Here you will find a reference key to common information printed on all Italian wine label. We hope this elementary approacht will be helpful when you venture into the Italian section of a wine shop.

To explain our short supplement, we have chosen three labels that are different in shape as well as in the amount of information printed on them.
To provide a common reference key, we have numbered the data printed on the 1998 Montepulciano d’Abruzzo Riserva Bosco label, the one that includes the greatest amount of information from 1 to 11. On the other two labels we have skipped the numbers for which no information is provided. Thus, the 2000 Korem Isola dei Nuraghi label from Argiolas is missing numbers 3 and 11, while the 1998 Amarone della Valpolicella Classico Conte di Bregonzo label is missing numbers 6, 10 and 11.

1. Type of wine
2. Wine appellation
3. Additional denomination
4. Vintage year
5. Name of the wine
6. Color of the wine
7. Quantity in milliliters
8. Alcohol content by volume
9. Nation of origin (in our case, obviously Italy)
10. Bottling company data
11. Importer (this information is obviously missing from labels of Italian wines purchased in Italy).

I love…. Amarone, maybe we should order another bottle!

I was recently at dinner with my husband. Together we sat at a patio on 3rd St, a small fire pit going in front of us and a glass of Amarone in hand. It was a wonderful minute in time that we as two working parents rarely get to enjoy. I spoke in complete gratification, “The Big stars are so distant & beautiful.” My husband looked at me, and I looked at him, and he said, “I love… Amarone, maybe we should order another bottle!”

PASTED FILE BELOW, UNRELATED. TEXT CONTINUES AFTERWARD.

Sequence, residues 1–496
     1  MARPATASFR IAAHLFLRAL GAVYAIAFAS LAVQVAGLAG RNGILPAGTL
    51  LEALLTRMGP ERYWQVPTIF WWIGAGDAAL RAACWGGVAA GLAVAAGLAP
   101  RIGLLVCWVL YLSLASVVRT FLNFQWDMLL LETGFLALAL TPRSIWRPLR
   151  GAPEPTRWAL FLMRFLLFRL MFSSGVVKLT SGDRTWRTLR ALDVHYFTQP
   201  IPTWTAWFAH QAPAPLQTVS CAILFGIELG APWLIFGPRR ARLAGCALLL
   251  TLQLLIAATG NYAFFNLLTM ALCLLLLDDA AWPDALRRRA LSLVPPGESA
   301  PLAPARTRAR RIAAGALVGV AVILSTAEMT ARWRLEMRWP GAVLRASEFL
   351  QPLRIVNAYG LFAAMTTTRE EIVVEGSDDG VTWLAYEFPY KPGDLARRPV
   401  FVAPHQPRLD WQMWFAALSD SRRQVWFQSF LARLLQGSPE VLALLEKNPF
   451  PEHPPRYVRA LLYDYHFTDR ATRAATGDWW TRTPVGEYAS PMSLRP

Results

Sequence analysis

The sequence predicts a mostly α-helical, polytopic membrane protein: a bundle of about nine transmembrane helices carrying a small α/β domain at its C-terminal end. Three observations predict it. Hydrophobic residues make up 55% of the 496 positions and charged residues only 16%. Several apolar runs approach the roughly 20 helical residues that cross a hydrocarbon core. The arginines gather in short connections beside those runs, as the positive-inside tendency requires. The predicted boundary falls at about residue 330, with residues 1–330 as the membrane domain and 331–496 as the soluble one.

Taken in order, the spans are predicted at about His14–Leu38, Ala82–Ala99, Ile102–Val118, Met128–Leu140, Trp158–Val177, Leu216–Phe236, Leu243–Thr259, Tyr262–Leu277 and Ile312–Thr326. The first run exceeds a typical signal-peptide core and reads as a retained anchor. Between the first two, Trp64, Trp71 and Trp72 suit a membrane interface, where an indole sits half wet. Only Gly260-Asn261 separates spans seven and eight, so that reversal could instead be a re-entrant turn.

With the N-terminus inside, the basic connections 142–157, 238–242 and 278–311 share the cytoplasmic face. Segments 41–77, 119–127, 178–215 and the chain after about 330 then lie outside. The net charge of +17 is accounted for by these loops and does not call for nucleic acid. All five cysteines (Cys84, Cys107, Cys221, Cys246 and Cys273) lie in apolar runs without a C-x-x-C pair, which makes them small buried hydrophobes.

So maybe it wasn’t as adoring as I may have expected, yet I nodded in perfect agreement. The fact is, with all the talk of Barbersco, Barolo, Sangiovese, Aliganico and the amazing white wines of Pinot Grigio I really do love Amarone.

Amarone is a wine that is made by the hand of man through procedures such as Recieto (Appassimento), where the collected grapes are left to dry for months before being pressed.
This raises sugar (hence alcohol) levels and gives the wine a haunting level of depth, complexity and the ability to age. There is also Ripasso, which is a process where the newly fermented juice (usually Valpolicello) is passed back over the lees of an Amarone fermentation, which adds depth and complexity to an otherwise fresh and easy drinking wine. Be warned, however, that in the hands of some producers, these techniques are used to cover up an otherwise inferior wine. But in the hands of quality producers, they can build works of art. The Vento is the perfect wine for a lover of big, bold Italian taste, especially when you are in the mood for self-indulgence instead of seriousness.

When speaking of Amarone however, these can sometimes be hard wines to recognise. Some Amarone are big, rich and with a level of residual sugar that comes through in the finished product. Others are fermented to be completely dry and show a bitter quality marked by high alcohol. This can make it difficult to know what you’re going to get when you purchase a bottle. And then there is the most common issue with Amarone, what foods to pair with it.

So what’s a wine drinker/collector to do? First, it is important to understand which style you prefer and, once you know, to stick with like-minded producers. As for pairing, most people will offer powerful cheeses (such as blue cheese) or desserts with concentrated flavors but moderate sweetness. In many cases, Amarone ends up being a wine that is enjoyed on its own, simply because it can be so difficult to fit into a meal.

My favorite paring of Amarone is with a creamy Risotto. I promise you will be blown away by how well Amarone paired with risotto . Here is a link of the Amarones that we have for you to enjoy.

http://www.melandrose.com/istar.asp?a=3&dept=14&class=5&subclass=1